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Run All Night Not Quite Taken 7, but Close Enough

  • Susan Ellingburg Crosswalk.com Contributing Writer
  • 2015 12 Mar
  • COMMENTS
<i>Run All Night</i> Not Quite <i>Taken 7</i>, but Close Enough

DVD Release Date: June 16, 2015
Theatrical Release Date: March 13, 2015
Rating: R (for strong violence, language including sexual references, and some drug use)
Genre: Action, Crime, Drama, Mystery, Thriller
Run Time: 114 minutes
Director: Jaume Collet-Serra
Cast: Liam Neeson, Ed Harris, Joel Kinnaman, Common, Boyd Holbrook

Here we go again: while I’d love to say Run All Night is Liam Neeson as you've never seen him before, it's actually Liam Neeson as we've seen him many times before. A co-worker who had seen the preview said, "This is what, Taken 7?" Not quite, but close enough.

From the moment the film opens with an overhead shot of an apparently-dying Jimmy Conlan (Neeson), it’s obvious things are not going to go well. By (approximately) five minutes in we've heard all the most popular profanities at least once. And for the next 100-something minutes we watch people die. It’s not the most uplifting story, but there is at least a reasonable-ish plot.

Jimmy, known to the cops as "Jimmy the Gravedigger" is a former hit man now retired from the mob who is belatedly having trouble dealing with his former career. "I've done things for which I can never be forgiven," he muses. Wracked by guilt, Jimmy can't sleep for seeing the faces of the people he killed, so he drinks to forget.

Shawn (Ed Harris, Phantom), Jimmy’s long-time best friend and former boss, has issues of his own in the form of his son. Shawn's business has gone legit but his son Danny (Boyd Holbrook, The Skeleton Twins), longs for the glory days of the big score. When Shawn refuses to go along with Danny's grand scheme, things turn ugly. It would have all been a simple case of bad guy vs. bad guy if only one set of bad guys had chosen another limo service. As it was, the driver who witnessed Danny's crime was none other than Jimmy's estranged son Michael (Joel Kinnaman, RoboCop).

Naturally, the mob can't let Michael live to tell tales. "I had to kill people I loved because I couldn’t trust them," Shawn says. And naturally Jimmy can't let them kill his son. Shawn and Jimmy draw battle lines and the bloodbath begins. At the center of this conflict, Michael just wants to get away from his dad—he has some unresolved anger issues—and keep his family safe. Michael doesn't want any part of his father's lifestyle, but when his attempts to be a normal law-abiding citizen go horribly wrong, his only hope for survival is to team up with Dad. Fortunately, being on the run together provides an opportunity for a little father-son relationship building. After all, they have to talk about something between being chased, shot at, hunted by corrupt police, etc.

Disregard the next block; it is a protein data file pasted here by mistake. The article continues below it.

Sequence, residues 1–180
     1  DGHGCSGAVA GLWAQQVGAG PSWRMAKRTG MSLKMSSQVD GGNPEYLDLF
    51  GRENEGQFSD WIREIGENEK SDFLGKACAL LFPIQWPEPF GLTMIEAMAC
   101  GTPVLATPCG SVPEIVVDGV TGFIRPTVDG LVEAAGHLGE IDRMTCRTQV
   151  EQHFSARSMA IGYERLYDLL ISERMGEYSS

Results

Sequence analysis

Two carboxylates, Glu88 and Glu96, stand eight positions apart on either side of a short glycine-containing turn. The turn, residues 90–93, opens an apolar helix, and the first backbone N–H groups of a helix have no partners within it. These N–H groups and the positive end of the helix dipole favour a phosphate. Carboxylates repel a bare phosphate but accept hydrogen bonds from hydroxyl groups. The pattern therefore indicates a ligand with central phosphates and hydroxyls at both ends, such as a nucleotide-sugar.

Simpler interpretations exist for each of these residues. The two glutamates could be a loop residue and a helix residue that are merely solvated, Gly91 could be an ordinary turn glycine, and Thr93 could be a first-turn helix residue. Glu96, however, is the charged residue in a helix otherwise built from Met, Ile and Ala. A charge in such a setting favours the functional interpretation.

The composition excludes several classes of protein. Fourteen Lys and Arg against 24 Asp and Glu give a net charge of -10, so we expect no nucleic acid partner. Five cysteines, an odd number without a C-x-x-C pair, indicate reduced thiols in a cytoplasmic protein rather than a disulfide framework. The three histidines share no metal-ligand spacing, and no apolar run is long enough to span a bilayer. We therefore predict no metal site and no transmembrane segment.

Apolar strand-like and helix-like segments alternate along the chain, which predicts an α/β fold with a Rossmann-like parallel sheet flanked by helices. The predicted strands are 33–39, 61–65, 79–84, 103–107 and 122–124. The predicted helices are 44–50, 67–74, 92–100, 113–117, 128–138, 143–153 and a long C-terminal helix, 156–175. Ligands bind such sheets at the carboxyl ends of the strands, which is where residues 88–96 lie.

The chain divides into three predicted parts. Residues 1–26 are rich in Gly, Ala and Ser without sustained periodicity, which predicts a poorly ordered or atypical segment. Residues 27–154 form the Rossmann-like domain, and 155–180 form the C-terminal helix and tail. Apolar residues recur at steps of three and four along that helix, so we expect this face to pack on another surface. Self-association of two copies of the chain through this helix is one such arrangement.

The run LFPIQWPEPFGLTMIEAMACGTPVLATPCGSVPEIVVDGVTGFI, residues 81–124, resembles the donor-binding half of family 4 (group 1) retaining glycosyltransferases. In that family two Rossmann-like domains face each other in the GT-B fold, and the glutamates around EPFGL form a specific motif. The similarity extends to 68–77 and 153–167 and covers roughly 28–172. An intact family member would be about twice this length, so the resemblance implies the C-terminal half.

Even hung over and wounded, Jimmy is a force to be reckoned with. He efficiently dispatches an entire pub full of people, a feat all the more impressive because his weapon of choice is a revolver that has to be loaded bullet by bullet instead of the more efficient clip used by younger assassins. A battle of new toys vs. old school skills commences when the deadly Andrew Price (Common) takes on the job of dispatching the Conlan boys. 

A lot of people die in this movie. A lot. Most of them pop off almost instantly after being shot—regardless of the location of their wound—but one death scene was so long and drawn out I expected the victim to break into an Italian aria. Granted, he was a major character but—possibly hardened by all the killing that came earlier in the film—all I could do was sit there thinking "get it over with and die already."

While so many scenes in Run All Night have a "been there, done that" feel to them, the cast and the dark, seedy atmosphere of New York City in the nighttime do help. Neeson, Harris, and their supporting cast turn in some excellent performances. Just think what they could have done with better material.

CAUTIONS (may contain spoilers):

  • Drugs/Alcohol: Drinking, sometimes to the point of passing out; drug use shown more than once; references to dealing; smoking.
  • Language/Profanity: You name it, they probably said it: B-S, F-words, sh**, as* (often combined with “hole”), G-D, racial slurs, mother-f(er), di**head, Jesus Christ, sexual references noted below.
  • Sex/Nudity: No sex shown but frequent references to body parts (t**s, etc.), oral sex, length of male body part (highly exaggerated), freezing one’s “nuts” off; reminiscing about sexual encounters; a man propositions woman in front of her husband and child and later mocks the husband with a description of their fictional encounter; another man places a phone order for prostitutes with explicit anatomical requirements; porn magazines shown briefly; tasteless joke about sex.
  • Violent/Frightening/Intense: This entire movie is basically about people dying, which happens repeatedly via a variety of violent methods, some fairly creative. The main characters are running for their lives most of the time. Towards the end there is a brief moment of slo-mo head splatter, but the victim was roundly hated and cheers broke out at the theater when he finally got what was coming to him.

Publication date: March 12, 2015


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